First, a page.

Page last updated at 06:57 GMT, Tuesday, 3 June 2008 07:57 UK

What the papers say

Journalist Fionola Meredith takes a look at what is making the headlines in Tuesday's morning papers.

Fears over the future of the Northern Ireland Assembly get a good airing in the papers.

The dramatic stand-off between the DUP and Sinn Fein over the devolution of policing and justice is the top story in the News Letter.

The paper claims that the DUP has taken an internal decision not to budge on the issue.

If Sinn Fein pulls the plug by not re-nominating Martin McGuinness as deputy first minister, "the DUP would go ahead and allow the institutions to fall, triggering fresh elections".

'High risk'

It is a high-risk move, says the paper, given that the DUP is still dealing with the threat from Jim Allister's Traditional Unionist Voice party.

Of course, the looming crisis means much consternation for the British and Irish governments. The Irish Times reports that officials are working with both main parties to avert serious trouble.

The Mirror's editorial takes both parties to task. It says that "there's no excuse for endangering all the good work of the last year - the electorate won't tolerate any games."

The Robert McCartney trial is top story in the Irish News and the paper has a report on Mr McCartney's friend, Brendan Devine's graphic evidence.

The Belfast Telegraph talks to the prisoner who was at the centre of a high-profile manhunt after he escaped from police custody last week.

He says that the six-hour chase was over an unpaid TV licence. Leon Chakravarti claims that he panicked and fled from police custody when he realised he did not have enough cash to pay the 182.60 fine.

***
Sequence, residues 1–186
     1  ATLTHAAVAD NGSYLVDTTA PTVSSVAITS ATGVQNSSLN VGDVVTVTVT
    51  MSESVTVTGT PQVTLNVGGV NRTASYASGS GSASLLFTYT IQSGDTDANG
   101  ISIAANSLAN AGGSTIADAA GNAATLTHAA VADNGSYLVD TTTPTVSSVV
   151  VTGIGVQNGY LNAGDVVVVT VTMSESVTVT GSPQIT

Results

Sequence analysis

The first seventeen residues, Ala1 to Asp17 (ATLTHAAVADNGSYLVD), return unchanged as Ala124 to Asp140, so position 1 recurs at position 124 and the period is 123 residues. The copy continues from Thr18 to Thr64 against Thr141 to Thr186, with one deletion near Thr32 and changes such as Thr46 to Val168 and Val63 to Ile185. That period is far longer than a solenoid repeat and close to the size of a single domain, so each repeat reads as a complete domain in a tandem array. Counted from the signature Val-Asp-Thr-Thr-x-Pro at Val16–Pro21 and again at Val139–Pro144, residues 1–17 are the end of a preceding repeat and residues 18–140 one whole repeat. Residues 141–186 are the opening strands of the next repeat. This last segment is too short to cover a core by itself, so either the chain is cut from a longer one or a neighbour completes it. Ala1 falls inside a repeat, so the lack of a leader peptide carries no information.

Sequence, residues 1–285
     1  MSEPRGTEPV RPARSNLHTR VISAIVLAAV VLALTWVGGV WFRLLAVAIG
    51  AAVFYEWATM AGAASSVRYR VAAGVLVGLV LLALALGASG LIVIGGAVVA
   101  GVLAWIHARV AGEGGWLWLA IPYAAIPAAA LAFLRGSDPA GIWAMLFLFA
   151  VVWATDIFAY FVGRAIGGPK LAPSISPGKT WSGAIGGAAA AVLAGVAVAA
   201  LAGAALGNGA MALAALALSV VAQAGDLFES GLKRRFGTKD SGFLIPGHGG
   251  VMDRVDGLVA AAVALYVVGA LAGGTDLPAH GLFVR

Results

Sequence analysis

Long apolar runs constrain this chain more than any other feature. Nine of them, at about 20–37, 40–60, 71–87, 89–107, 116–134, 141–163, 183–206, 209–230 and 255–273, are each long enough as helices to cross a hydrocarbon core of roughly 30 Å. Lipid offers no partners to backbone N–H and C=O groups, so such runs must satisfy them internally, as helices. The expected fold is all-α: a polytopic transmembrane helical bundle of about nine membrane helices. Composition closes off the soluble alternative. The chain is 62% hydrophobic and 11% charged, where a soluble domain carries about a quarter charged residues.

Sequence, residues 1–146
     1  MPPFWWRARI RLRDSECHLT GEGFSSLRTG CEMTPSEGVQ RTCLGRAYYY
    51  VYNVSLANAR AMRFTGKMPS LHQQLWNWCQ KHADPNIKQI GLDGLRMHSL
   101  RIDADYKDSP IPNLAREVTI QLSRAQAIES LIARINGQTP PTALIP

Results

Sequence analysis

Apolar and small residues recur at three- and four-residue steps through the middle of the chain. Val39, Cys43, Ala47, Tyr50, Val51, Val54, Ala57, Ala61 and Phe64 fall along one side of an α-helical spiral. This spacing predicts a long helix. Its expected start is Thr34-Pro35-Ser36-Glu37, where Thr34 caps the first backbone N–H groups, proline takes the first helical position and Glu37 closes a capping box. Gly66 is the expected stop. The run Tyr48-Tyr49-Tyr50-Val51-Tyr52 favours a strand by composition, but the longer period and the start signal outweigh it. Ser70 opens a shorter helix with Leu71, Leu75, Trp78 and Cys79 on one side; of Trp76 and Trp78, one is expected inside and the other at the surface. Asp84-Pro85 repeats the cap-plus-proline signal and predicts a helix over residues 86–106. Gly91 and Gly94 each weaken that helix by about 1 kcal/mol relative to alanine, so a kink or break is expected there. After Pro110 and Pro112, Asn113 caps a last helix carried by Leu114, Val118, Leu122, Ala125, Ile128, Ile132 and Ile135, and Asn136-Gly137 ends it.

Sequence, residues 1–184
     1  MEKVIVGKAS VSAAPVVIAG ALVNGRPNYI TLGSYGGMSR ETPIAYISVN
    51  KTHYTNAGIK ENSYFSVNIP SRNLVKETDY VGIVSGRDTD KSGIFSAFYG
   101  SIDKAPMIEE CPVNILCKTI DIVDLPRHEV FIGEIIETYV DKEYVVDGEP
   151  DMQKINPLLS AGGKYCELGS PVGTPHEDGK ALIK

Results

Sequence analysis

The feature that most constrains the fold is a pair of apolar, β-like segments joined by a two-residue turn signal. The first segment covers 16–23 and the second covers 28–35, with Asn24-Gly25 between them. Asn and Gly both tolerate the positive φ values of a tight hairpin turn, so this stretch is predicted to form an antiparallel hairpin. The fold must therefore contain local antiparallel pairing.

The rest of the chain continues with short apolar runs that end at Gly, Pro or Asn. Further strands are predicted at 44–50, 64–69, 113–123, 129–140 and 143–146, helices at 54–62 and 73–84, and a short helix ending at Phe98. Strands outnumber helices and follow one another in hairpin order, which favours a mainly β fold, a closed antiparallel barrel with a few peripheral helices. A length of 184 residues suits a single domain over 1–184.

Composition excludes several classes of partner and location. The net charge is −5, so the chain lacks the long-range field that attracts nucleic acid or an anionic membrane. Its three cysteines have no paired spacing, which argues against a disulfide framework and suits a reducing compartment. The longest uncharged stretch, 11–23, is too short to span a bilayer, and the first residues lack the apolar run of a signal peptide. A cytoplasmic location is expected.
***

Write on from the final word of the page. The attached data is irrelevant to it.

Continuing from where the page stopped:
"Obscene" - that's the one word headline in the Independent, describing Robert Mugabe's presence at the global food crisis summit in Rome.

"This is like inviting Pol Pot to a human rights conference," is the Guardian's take on the matter, quoting Mark Malloch Brown, foreign office minister for Africa, Asia and the UN.

The papers are all caught between incredulity and disgust at the Zimbabwean dictator's attendance at the summit in Rome.

"Mugabe is allowed to lecture the world on food while his people starve," says the Times editorial, adding that the only hope is that international law may yet catch up with him and hold him to account.

There is news of a very strange fruit in the Independent. The so-called "miracle fruit" looks like an ordinary red berry. But it changes the way your mouth works, making sour things taste magically sweet.


After you have had the miracle fruit, vinegar takes on a treacly tang and Irish stout tastes a bit like chocolate milkshake, we are told.

The Independent's reporter was astounded by the miracle fruit's effects and describes how he was able to happily munch his way through an entire lemon without so much as a squint. It tasted a bit like sherbet lemon, apparently.

And finally, the Times reports on a prison bakery in south Yorkshire. As the paper points out, there was a time when cakes were useful to prisoners only if they contained lock picks.

But now, baking is providing a legitimate escape route for some lucky inmates.

A 1.5m commercial bakery has opened at the category C jail for men, and the special skills they learn there - croissant-making or the art of profiteroles - means they are being recruited by big companies on their release.

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